A family fairytale

“I don’t want to blow him up in any way but from Day One, when he was born, he was very exceptional”

Aidan O’Brien is talking about Camelot, the 2000 Guineas winner that heads the betting lists for the Investec Epsom Derby and is tipped in many quarters to complete the fabled Triple Crown by adding the St Leger.

Though it would never happen, he could well be describing another precocious Ballydoyle talent with the right pedigree. His son.

Champion apprentice the last two seasons, Joseph is already the youngest jockey to ride the winner of an Irish Classic and a Breeders’ Cup race. He could well be champion jockey at the end of his first full season as a senior pilot.

Still short of his 19th birthday, he is acknowledged as Ballydoyle’s No 1 rider even if he doesn’t possess the official title. The neophyte is following in the exalted footsteps of Johnny Murtagh, Kieren Fallon, Michael Kinane and Christy Roche. And he is in the position based on ability and achievement, not nepotism.

It is quite remarkable. Jamie Spencer had the job as a 21-year-old and he has admitted he was much too young at the time. But Joseph is a mature individual, probably because he has been in the heart of the pressure-cooker his entire life.

In an organisation where secrecy is paramount, he was privy to discussions surrounding riding tactics, target-setting and training programmes from before he can remember. He sat in the back of the jeep as Aidan drove alongside the horses while they worked. Sometimes he hung out the back window to get a closer look.

As soon as he could ride out, he was doing that, just as younger siblings Sarah – like Joseph, a former bronze medallist at the European Pony Eventing Chamiponships - Anna and Donnacha do now.

“It’s all we’ve ever done” explains Aidan. “Everything is discussed over and over. Mistakes that are made, things that we did right and did wrong.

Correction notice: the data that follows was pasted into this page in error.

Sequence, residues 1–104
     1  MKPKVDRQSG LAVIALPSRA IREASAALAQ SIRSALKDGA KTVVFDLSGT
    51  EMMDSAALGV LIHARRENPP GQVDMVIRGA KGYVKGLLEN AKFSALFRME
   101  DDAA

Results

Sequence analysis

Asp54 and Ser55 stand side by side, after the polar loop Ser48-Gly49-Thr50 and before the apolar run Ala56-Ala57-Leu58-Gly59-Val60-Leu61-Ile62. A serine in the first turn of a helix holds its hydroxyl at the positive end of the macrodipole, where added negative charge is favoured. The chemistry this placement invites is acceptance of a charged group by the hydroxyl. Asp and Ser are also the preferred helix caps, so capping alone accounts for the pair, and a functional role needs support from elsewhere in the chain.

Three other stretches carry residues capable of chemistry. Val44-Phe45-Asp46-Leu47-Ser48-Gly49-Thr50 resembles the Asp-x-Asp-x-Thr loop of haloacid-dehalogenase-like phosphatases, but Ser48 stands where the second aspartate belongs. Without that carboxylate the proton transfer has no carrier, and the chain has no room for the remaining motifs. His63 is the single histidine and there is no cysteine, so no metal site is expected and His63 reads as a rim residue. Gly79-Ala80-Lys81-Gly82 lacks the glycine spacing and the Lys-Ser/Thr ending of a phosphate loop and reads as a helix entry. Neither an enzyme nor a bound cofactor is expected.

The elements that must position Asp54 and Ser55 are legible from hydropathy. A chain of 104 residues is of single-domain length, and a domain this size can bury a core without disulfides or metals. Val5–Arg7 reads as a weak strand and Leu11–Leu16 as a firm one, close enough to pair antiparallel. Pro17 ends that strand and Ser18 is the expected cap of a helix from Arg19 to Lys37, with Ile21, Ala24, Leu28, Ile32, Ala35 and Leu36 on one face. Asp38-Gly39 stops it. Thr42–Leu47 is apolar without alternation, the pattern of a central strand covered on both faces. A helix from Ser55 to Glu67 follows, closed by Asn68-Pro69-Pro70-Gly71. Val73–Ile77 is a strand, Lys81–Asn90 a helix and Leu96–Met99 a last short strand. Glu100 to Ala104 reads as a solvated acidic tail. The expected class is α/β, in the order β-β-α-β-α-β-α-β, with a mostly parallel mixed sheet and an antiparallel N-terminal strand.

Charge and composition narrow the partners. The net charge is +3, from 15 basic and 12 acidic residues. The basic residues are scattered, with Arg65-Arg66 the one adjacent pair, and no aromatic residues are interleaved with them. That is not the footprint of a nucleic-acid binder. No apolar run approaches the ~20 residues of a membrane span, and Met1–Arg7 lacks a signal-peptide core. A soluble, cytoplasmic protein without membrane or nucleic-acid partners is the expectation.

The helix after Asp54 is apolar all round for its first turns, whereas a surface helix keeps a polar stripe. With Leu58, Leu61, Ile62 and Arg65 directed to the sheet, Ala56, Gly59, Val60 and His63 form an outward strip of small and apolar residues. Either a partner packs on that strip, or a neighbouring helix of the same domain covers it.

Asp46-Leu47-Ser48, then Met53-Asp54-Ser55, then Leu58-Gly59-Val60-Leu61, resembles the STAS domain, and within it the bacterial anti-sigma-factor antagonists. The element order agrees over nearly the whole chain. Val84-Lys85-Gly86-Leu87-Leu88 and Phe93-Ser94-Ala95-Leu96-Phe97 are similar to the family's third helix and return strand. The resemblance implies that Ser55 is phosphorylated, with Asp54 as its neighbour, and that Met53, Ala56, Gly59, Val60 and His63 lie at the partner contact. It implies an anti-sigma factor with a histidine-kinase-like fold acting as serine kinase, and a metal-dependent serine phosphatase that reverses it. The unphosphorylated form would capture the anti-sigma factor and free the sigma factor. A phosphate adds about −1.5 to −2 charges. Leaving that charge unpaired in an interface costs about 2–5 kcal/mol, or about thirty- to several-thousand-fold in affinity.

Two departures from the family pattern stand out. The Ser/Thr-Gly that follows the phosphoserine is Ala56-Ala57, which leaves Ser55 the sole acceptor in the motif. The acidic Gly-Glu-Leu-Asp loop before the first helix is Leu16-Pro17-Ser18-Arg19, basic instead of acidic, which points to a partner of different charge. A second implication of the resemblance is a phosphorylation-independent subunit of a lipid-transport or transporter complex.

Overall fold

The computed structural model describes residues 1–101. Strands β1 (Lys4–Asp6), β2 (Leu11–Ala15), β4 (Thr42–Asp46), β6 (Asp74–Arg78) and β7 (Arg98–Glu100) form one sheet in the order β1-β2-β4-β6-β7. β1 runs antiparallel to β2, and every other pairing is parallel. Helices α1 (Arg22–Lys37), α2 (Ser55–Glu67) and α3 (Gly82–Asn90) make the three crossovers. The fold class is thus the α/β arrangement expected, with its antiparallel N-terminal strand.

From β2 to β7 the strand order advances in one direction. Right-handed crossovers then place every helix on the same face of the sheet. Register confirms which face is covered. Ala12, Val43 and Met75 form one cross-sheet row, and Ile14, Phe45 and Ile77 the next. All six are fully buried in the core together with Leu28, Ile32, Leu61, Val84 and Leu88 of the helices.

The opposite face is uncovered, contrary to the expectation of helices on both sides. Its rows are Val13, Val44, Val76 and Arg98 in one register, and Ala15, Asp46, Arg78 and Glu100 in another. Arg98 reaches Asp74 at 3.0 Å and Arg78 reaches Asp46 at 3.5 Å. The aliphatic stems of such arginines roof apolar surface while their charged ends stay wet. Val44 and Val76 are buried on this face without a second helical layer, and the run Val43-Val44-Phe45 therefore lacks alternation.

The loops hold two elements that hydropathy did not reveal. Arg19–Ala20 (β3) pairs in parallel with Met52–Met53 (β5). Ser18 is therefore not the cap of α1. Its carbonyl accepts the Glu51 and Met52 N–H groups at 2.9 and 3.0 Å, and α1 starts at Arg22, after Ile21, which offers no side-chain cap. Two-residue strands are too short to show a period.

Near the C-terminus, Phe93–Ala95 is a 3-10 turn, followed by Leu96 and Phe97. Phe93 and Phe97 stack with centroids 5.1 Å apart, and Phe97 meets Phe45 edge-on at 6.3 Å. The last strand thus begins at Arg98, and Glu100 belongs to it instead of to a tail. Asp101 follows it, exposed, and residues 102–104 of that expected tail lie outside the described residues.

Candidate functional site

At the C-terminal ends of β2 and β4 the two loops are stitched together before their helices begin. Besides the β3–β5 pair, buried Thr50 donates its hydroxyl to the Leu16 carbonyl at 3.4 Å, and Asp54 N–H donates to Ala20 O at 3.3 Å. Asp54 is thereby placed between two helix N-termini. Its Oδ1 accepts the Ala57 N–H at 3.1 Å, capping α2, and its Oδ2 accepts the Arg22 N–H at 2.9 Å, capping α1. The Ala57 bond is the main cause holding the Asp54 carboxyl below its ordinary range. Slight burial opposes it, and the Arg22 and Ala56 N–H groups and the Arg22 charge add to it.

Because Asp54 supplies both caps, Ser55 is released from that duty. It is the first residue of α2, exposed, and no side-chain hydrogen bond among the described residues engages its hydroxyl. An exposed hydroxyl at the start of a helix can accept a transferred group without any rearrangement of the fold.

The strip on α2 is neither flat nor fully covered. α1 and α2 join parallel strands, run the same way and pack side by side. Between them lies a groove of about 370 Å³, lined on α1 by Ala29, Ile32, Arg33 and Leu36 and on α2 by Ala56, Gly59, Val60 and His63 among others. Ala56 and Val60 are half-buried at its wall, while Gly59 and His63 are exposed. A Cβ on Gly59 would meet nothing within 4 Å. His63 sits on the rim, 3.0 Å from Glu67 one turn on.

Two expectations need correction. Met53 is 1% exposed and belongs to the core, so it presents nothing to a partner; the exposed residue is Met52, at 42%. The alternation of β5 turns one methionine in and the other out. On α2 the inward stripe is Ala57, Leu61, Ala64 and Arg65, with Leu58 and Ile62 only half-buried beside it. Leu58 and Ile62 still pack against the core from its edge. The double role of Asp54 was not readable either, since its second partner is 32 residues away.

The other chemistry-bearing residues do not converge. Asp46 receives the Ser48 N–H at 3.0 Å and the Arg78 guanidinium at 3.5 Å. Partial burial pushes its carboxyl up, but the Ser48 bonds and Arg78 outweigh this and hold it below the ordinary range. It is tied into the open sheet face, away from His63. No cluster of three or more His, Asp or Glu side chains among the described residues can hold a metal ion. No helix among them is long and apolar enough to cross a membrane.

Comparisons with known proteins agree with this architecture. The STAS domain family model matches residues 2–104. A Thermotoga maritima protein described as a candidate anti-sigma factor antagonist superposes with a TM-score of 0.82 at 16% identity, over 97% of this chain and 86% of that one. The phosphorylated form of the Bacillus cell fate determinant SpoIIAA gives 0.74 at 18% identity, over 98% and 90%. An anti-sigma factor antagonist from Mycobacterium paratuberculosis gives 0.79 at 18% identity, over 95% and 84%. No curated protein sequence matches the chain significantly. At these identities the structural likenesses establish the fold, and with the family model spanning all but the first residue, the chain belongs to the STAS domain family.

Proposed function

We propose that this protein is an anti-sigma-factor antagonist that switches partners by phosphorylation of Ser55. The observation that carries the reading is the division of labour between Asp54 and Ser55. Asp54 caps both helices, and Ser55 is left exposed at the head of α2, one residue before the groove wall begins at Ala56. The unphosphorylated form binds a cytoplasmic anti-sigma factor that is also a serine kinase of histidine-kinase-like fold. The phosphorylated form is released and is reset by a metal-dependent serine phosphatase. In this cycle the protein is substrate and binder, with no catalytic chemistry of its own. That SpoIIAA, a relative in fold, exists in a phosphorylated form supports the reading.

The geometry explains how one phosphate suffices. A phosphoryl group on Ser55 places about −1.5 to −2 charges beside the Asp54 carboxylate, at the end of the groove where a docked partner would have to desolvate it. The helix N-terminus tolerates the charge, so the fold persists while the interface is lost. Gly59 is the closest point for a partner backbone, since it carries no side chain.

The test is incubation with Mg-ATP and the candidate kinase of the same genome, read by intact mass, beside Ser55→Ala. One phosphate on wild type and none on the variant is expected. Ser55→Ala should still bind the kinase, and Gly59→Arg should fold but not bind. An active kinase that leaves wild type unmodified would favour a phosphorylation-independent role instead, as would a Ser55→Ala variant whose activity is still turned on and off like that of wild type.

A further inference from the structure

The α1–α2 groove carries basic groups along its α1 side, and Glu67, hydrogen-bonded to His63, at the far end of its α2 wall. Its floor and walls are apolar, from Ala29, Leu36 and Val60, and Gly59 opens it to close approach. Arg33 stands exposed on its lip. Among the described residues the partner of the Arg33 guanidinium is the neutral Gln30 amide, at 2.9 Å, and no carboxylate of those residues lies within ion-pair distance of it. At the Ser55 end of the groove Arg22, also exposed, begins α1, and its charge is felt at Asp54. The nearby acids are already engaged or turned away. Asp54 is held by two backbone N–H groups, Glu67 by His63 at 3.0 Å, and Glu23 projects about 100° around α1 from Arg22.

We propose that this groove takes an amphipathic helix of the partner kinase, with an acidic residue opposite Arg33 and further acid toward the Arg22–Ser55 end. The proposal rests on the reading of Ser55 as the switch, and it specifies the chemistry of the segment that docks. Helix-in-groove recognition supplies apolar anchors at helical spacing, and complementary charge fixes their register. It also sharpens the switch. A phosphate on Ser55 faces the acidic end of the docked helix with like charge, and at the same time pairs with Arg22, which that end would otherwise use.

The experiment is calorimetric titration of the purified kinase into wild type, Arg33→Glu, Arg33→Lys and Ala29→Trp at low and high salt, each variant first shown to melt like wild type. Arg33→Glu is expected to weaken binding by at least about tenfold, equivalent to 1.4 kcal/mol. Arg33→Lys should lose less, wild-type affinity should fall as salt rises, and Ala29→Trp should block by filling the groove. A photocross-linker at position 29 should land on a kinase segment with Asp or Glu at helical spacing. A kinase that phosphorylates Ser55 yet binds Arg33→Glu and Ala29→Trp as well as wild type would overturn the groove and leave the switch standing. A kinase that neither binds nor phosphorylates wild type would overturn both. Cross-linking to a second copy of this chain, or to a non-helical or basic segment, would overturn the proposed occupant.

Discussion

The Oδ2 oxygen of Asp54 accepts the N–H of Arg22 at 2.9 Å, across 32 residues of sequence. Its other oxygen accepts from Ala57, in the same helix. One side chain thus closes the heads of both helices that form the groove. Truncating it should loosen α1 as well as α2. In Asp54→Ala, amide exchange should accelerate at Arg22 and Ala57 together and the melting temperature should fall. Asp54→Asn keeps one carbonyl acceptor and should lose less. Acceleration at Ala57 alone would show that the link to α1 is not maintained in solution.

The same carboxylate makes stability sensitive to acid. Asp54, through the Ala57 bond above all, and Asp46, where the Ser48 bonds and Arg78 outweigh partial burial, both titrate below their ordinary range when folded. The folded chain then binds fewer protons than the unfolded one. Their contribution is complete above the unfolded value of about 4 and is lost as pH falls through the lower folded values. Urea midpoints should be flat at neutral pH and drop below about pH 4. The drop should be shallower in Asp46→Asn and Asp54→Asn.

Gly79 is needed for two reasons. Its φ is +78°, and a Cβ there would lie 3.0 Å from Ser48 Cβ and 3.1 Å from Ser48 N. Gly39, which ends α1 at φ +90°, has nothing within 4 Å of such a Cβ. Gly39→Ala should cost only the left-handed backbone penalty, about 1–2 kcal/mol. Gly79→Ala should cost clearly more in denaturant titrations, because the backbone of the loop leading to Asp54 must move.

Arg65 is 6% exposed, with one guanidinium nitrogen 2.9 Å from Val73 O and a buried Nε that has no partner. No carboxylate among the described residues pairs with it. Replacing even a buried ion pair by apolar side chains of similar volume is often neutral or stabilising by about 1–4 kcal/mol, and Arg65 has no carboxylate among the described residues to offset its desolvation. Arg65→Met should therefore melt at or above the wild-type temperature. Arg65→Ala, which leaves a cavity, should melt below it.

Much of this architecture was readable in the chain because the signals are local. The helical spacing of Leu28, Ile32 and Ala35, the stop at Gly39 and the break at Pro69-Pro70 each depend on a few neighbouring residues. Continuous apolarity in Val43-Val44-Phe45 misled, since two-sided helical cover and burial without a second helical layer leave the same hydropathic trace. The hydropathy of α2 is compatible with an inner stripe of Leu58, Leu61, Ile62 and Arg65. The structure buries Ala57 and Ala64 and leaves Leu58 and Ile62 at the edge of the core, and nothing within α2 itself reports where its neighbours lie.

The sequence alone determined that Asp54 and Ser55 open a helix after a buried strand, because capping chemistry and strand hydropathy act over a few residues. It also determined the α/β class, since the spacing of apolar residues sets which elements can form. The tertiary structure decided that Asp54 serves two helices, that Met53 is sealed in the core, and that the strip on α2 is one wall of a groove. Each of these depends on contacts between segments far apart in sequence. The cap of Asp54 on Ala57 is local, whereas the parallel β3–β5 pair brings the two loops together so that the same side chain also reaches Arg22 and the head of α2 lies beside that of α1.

“(His success) has been great for all us. From the time he’s been able to walk, he’s heard all the discussions. He’s seen it all. Been in the middle of all the disappointments, the good days, the ordinary days. From the time he’s been a baby he’s been involved.

“It’s massive (enjoyment) for us but it’s a massive help for us now. Every minute or every second of the day everything can be discussed.

“Instructions, the talking about the race; it could be spoke about every minute of the day. And when it comes up it’s not as if it’s an extra pressure for him as a rider because that’s what we’ve always done.”

Such is the trust that Aidan has in his son that he left how Camelot would be run in the Newmarket 2000 Guineas to him. Think about it. Not even a word of advice. Some trainers have a very clear idea of what they want and expect their jockey to follow that to the letter.

Aidan had a different idea to Joseph. When he heard his son’s plan he was terrified. Terrified that it would go wrong, that this much-hyped son of Montjeu would be beaten but mostly that Joseph would be pilloried. He saw nothing but pitfalls in what was a high-risk strategy but managed to bite his tongue.